I wrote this post for lecture 17 in Andrew Ng's lecture collections on Machine Learning. In my previous post, we discussed Markov Decision Process (MDP) in its simplest form, where the set of states and the set of actions are both finite. But in real world application, states and actions can be infinite and even continuous. For example, if we want to model states of a self-driving car in a 2D plane, we must at least have the position \((x, y)\), the direction \(\theta\) of the car pointing to, its velocity \((v_x, v_y)\) and the rate \(r\) of change in \(\theta\). So the states of a car is at least a 6 dimensional space. For actions of a car, we can control how fast it goes in direction \(\theta\) and we can also control \(r\). Thus the actions have dimension 2.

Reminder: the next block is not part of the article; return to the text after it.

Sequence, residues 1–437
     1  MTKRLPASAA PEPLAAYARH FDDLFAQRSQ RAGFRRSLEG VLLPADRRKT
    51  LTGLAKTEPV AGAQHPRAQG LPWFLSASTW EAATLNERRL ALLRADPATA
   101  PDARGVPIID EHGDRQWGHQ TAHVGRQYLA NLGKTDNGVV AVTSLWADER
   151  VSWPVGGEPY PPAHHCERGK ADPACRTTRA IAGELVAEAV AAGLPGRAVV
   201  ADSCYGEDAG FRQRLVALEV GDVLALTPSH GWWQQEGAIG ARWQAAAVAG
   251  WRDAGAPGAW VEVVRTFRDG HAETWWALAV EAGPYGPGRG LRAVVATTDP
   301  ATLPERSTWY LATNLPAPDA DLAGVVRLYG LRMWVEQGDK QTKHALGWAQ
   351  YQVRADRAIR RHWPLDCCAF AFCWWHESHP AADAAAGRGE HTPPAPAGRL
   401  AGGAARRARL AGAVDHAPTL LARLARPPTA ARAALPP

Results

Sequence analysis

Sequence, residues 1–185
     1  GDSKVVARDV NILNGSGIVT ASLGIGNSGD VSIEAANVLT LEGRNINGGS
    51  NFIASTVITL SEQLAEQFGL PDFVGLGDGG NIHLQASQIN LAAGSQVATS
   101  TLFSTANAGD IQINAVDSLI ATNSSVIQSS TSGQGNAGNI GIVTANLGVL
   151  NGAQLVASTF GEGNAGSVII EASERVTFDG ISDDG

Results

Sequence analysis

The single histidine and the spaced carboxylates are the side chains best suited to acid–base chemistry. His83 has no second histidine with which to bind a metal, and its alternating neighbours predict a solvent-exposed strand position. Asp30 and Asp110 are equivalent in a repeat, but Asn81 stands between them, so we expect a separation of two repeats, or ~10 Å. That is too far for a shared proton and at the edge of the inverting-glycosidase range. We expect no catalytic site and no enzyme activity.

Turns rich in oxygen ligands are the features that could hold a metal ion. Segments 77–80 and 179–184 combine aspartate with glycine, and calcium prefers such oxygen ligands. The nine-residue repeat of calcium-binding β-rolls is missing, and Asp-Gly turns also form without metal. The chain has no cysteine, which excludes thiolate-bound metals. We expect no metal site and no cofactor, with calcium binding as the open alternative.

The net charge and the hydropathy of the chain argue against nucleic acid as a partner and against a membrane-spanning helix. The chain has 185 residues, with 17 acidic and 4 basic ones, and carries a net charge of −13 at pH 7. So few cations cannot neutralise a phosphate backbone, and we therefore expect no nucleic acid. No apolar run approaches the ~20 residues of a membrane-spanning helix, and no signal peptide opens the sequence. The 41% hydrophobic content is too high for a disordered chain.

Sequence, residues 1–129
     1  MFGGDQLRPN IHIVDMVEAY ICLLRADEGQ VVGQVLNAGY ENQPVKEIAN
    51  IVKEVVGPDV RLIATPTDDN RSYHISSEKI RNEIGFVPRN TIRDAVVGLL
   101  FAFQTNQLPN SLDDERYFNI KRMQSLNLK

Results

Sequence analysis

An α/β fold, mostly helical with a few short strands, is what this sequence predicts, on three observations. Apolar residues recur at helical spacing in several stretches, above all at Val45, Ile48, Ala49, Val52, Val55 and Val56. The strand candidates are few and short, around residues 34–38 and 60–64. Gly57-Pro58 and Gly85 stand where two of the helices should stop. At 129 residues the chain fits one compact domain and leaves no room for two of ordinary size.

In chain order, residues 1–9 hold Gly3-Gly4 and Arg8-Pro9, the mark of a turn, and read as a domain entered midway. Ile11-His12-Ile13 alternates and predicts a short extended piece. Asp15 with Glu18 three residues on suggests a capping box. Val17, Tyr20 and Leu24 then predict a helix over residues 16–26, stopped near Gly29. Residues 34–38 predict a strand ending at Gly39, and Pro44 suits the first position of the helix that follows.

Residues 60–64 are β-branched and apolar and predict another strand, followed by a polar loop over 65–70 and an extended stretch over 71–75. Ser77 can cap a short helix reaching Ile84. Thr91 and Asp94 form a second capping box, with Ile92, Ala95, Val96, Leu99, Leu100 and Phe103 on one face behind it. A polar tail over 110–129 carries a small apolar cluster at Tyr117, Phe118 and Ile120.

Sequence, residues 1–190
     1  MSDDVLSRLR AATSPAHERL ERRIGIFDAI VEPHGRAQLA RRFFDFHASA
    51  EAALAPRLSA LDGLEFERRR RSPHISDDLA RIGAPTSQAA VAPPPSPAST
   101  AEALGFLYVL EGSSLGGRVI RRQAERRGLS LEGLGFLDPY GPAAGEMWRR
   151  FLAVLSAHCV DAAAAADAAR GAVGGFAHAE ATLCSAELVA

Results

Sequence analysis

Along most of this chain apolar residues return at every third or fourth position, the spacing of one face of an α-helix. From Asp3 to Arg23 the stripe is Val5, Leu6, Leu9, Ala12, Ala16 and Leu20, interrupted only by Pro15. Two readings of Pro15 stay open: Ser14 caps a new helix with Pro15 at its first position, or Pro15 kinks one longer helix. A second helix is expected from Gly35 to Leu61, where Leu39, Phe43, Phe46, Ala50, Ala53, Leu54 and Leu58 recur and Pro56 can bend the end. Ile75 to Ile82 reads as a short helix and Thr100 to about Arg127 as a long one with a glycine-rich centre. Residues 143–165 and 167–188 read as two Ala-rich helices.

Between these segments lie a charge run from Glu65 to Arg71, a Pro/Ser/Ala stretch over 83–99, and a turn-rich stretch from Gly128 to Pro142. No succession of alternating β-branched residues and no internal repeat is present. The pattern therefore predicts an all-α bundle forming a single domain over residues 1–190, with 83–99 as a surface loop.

In this post, we consider only continuous states with finite actions. Indeed, actions space usually has much lower dimension than states space, so in case of continuous actions, we might just discretize the actions spaces to get a finite set of representatives of actions. One may argue that we can also discretize the states space. Yes, we can do it, but only when the dimension \(n\) of state space is small enough: if we discretize each dimension into \(k\) parts, then there would be \(k^n\) many states. If \(n\) is large, then \(k^n\) is not feasible. This is so called the curse of dimensionality. Moreover, discretizing states space usually results in lack of smoothness.